Texas Supreme Court: It is much easier to disqualify than remove an independent executor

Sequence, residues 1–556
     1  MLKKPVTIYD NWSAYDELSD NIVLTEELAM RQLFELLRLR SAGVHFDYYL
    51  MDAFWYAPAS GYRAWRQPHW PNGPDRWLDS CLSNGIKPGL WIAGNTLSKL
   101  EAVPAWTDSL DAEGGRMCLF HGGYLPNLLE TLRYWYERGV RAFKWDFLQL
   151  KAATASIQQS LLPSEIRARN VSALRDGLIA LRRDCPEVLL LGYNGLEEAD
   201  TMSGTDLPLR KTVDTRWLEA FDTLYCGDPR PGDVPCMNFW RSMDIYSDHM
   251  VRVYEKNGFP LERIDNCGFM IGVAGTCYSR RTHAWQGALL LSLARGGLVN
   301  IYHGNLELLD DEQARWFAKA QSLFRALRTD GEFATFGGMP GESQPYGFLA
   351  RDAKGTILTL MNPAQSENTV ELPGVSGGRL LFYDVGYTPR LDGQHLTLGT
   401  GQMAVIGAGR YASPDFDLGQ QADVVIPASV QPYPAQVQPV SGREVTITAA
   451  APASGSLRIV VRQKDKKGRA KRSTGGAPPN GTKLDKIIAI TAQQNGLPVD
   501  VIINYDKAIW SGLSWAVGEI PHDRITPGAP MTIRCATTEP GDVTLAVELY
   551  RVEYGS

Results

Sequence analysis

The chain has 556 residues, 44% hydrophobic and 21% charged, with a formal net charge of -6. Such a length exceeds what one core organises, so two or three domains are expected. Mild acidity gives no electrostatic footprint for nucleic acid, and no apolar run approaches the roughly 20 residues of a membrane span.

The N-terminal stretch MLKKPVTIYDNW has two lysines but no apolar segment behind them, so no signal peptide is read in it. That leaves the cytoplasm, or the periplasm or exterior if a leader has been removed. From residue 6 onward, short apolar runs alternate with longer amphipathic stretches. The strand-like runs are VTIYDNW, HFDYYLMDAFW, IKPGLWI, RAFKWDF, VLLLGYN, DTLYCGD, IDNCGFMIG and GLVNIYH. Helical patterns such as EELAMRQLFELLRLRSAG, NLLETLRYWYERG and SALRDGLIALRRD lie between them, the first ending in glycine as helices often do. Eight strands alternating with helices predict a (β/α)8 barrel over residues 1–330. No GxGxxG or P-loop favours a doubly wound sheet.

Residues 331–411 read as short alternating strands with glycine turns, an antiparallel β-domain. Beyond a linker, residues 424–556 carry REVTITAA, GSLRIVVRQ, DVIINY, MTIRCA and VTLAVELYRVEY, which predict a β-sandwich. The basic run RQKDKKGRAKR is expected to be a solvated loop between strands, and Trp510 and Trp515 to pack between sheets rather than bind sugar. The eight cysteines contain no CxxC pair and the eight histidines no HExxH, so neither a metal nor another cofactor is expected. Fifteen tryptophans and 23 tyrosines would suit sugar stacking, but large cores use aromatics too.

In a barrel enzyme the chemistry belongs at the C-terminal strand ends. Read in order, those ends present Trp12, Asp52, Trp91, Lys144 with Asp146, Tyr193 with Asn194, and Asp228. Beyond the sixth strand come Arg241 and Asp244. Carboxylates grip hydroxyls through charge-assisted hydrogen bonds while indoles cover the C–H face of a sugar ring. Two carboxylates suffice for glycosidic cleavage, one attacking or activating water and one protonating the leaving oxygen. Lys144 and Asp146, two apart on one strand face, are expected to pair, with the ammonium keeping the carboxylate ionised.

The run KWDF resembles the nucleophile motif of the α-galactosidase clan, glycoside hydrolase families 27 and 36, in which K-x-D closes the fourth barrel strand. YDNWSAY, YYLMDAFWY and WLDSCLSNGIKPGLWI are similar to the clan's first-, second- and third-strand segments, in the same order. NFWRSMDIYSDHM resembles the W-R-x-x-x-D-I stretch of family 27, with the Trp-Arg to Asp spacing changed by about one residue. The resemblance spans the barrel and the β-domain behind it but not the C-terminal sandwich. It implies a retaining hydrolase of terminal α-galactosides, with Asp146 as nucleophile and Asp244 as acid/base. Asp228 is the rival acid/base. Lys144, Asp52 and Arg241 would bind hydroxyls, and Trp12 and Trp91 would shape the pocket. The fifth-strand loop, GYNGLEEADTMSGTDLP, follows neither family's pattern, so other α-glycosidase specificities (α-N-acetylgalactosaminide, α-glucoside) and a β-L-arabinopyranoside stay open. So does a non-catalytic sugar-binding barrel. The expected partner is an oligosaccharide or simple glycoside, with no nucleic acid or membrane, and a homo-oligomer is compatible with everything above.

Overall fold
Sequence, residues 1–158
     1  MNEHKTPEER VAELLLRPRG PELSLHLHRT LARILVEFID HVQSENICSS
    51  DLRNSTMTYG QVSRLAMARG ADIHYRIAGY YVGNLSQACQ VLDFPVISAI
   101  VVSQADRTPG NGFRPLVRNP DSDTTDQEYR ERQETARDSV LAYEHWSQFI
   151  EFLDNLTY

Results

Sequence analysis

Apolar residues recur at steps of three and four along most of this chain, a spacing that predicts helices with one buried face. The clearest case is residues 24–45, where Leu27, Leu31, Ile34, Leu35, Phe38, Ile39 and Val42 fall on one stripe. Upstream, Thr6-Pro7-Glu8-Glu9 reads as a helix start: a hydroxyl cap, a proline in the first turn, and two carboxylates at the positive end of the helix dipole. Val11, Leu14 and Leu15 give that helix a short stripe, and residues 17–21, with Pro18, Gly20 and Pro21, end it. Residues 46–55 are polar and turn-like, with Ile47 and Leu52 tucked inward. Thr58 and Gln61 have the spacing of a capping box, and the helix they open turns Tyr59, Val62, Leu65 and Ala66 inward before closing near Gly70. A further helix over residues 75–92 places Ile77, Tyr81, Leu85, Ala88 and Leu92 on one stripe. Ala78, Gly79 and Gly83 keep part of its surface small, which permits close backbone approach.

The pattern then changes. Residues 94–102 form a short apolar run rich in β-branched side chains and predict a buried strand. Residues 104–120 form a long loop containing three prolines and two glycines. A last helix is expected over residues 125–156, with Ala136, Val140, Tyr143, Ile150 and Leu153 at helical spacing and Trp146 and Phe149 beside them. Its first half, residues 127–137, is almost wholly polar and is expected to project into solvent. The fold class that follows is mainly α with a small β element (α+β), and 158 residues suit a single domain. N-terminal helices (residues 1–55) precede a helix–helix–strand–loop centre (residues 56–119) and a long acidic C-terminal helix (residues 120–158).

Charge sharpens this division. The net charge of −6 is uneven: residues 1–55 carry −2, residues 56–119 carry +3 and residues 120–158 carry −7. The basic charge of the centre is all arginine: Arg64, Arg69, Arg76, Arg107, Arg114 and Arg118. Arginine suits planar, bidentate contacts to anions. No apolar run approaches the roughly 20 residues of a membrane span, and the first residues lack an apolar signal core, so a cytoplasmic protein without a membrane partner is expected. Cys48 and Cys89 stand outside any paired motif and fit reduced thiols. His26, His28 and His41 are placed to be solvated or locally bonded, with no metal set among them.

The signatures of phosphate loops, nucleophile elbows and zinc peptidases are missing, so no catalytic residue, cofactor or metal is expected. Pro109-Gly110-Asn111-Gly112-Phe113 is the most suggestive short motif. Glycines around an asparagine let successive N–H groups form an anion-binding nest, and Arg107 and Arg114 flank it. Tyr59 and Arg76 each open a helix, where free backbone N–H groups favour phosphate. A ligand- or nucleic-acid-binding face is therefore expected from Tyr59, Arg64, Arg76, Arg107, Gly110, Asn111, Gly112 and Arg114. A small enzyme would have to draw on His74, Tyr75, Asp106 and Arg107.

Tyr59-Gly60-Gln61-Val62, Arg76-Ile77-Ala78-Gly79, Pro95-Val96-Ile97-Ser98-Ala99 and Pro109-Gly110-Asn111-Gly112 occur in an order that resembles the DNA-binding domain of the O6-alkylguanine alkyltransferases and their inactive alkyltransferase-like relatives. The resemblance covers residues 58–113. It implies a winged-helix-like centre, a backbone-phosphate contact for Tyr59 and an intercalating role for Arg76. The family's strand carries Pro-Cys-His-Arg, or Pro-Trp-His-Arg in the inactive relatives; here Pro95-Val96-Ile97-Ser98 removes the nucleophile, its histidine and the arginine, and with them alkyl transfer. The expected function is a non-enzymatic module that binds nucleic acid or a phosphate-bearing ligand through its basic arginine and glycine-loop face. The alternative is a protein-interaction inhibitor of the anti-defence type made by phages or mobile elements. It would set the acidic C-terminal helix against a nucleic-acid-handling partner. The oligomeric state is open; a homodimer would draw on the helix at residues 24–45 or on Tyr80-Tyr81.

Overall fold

In a recent opinion, the Texas Supreme Court considered an effort to remove an independent executor. The decedent's brother was appointed the independent executor of decedent's estate. The decedent's former wife attempted to remove the brother as executor after a dispute arose regarding the distribution of certain property and she claimed the executor had a conflict of interest since he had an ownership interest in the disputed property.  The trial court rejected the effort to remove the executor. The Supreme Court affirmed the trial court's decision.  The Court noted that Section 78 of the Texas Probate Code sets out five different bases for disqualification of a would-be executor, including “[a] person whom the court finds unsuitable.” By contrast, Section 149c lists six specific grounds for removal of an executor, with no broad "unsuitability" standard giving a court broad discretion for removal. The Supreme Court rejected the former wife's claim that the executor committed gross mismanagement or misapplied estate property. The Court noted the dispute arose from a simple good-faith disagreement and rejected the notion that an executor with a potential conflict of interest should be removed.